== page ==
Stocks rose Wednesday as investors welcomed lower oil prices, a bright outlook from Oracle and better-than-expected results from the likes of Eli Lilly or Texas Instruments.

The Dow Jones industrial average (search) was up 37.03 points, or 0.35 percent, to close at 10,498.59. The Standard & Poor's 500 Index (search) was up 5.66 points, or 0.48 percent, to end at 1,174.07. The Nasdaq Composite Index (search) was up 26.14 points, or 1.29 percent, to finish at 2,046.09 -- its biggest gain so far this year.

However, it was only the second time this year that the Dow, the S&P 500 and the Nasdaq posted two consecutive days of gains. Equities have had a poor start to 2005 and on Monday, all three indexes closed at their lowest since November.

The market had got oversold," said Sam Rahman, portfolio manager at Baring Asset Management. "Having been super-bullish late last year, sentiment went very quickly -- in the space of three weeks -- from being very positive on the economy and earnings to very negative on a number of things. So it is technically a little oversold."

Among stocks gaining was S&P 500 component Texas Instruments (TXN) , which climbed 7.3 percent, or $1.54 to $22.66, a day after the world's largest maker of chips for cell phones posted earnings that topped a forecast it gave in December.

Another positive for stocks was a fall in oil prices, which earlier had neared the $50-a-barrel mark. NYMEX March crude fell 86 cents to settle at $48.78 a barrel, after trading from $47.90 to $49.70. Lower oil prices generally boost equities because they help lift consumer spending and corporate profit margins.

"I think a lot of traders are taking some solace in the fact that $50-a-barrel oil is going to be a very hard ceiling to go through," said Angel Mata, managing director of listed equity trading at Legg Mason Wood Walker.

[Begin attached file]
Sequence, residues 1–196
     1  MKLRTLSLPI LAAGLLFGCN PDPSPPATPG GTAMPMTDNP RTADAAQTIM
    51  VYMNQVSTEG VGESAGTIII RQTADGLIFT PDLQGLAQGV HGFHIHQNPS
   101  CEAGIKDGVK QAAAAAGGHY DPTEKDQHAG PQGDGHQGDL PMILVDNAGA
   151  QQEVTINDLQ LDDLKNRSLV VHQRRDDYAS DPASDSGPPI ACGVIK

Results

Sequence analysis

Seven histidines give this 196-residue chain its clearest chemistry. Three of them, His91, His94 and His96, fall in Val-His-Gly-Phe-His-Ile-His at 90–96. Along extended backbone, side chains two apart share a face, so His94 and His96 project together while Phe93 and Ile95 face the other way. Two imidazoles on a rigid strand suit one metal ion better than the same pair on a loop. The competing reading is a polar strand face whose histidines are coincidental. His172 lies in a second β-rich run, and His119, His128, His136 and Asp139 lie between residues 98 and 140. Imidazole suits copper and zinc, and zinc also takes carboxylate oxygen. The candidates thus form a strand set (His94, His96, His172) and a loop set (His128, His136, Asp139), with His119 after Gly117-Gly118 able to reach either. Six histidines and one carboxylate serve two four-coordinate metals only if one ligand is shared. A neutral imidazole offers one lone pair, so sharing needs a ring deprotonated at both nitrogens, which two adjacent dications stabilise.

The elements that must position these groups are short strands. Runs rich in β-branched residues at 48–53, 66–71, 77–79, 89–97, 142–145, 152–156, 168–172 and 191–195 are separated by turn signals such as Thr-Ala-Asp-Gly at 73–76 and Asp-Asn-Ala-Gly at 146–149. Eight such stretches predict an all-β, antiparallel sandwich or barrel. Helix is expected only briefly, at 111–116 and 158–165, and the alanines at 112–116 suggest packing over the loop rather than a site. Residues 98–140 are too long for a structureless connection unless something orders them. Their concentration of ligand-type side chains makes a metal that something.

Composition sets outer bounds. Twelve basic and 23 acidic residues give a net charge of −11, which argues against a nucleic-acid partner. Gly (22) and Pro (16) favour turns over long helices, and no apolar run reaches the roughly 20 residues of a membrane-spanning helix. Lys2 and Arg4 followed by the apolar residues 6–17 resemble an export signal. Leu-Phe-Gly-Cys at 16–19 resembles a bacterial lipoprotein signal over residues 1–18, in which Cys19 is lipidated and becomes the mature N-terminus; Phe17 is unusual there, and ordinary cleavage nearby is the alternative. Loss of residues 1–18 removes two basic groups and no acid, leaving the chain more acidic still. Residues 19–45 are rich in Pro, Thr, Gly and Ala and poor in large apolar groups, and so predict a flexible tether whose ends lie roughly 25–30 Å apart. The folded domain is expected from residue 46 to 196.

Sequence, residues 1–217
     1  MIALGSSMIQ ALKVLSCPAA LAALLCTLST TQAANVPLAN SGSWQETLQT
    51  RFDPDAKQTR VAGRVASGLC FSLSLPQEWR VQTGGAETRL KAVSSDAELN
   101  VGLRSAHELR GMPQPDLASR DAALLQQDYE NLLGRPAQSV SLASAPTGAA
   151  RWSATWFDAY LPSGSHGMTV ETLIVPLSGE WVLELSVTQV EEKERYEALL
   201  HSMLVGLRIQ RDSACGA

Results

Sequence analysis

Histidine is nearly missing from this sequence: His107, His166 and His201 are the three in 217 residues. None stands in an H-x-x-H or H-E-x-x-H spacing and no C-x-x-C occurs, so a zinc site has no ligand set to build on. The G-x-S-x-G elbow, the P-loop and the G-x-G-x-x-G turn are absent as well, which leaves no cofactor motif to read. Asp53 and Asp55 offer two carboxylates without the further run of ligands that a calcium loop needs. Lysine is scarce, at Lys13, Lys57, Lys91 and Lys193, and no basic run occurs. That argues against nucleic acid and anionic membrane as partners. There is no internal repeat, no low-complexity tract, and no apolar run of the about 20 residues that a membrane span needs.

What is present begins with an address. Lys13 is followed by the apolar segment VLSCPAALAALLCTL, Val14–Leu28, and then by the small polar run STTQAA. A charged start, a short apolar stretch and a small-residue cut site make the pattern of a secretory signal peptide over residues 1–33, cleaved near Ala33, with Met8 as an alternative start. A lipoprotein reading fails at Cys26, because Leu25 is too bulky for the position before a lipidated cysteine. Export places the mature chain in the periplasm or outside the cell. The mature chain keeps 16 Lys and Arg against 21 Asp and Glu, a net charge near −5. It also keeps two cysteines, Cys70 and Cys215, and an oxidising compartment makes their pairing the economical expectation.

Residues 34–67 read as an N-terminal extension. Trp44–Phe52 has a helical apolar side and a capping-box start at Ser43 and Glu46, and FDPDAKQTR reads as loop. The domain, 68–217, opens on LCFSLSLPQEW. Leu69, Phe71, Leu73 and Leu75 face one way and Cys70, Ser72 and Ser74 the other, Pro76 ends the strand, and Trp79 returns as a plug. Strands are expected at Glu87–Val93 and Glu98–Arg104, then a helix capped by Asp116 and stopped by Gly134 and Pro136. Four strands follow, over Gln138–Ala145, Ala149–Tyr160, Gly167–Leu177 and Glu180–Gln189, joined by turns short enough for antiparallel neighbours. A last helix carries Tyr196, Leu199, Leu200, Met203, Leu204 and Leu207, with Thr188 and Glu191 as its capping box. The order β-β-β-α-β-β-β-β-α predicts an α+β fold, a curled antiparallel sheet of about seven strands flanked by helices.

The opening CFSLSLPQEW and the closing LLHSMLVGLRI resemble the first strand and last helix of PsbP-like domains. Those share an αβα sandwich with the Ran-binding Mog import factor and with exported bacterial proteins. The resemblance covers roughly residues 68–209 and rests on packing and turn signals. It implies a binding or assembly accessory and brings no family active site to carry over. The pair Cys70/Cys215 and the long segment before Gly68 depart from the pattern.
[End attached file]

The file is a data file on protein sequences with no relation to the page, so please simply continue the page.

The spate of good news and momentum from the previous session raised some hope that investors would return to the market in greater numbers.

"I think it feels like we might be able to hold a few days to the upside, assuming corporate earnings news continues to cooperate," said Jack Caffrey, equities strategist at J.P. Morgan Private Bank. "The good news is, the good news is spread around today. It's not like people are taking their cue from any one datapoint. It seems to make for a somewhat healthier backdrop."

Drug maker Eli Lilly and Co. (LLY), an S&P 500 stock, up 1.2 percent, or 65 cents, at $55.50 after it reported that earnings excluding special items beat analysts' estimates.

Software maker Oracle Corp. (ORCL) gained 3 cents to $13.62 after reiterating its outlook for the current fiscal year and sharply raising its forecast for 2006, citing likely earnings gains related to its acquisition of PeopleSoft.

Sirius Satellite Radio Inc. (SIRI) shed 6 cents to $6.18 after posting wider fourth-quarter losses. Still, holiday sales drove revenues up fivefold, prompting the company to raise its 2005 year-end subscriber estimate to more than 2.5 million.

ConocoPhillips (COP) added $1.59 to $90.49 after more than doubling its fourth-quarter income due to high prices for crude and natural gas prices and better refining margins. The nation's third-largest oil company beat estimates by a wide margin.

Electronic Arts Inc. (ERTS), the video game publisher, rose 9.2 percent, or $5.30, to $62.84, a day after it posted profits for its fiscal third quarter that beat market expectations.

Overall, trading was active, with 1.64 billion shares changing hands on the New York Stock Exchange, above the 1.46 billion daily average for last year. About 2.11 billion shares were traded on Nasdaq, above the 1.81 billion daily average last year. Advancers outnumbered decliners on the New York Stock Exchange by about 8 to 3 and by about 7 to 3 on Nasdaq.

The Russell 2000 index, which tracks smaller company stocks, was up 10.07, or 1.66 percent, at 616.57.

Overseas, Japan's Nikkei stock average added 0.88 percent. In Europe, France's CAC-40 shed 0.06 percent, Britain's FTSE 100 rose 0.08 percent and Germany's DAX index lost 0.47 percent.

Reuters and the Associated Press contributed to this report.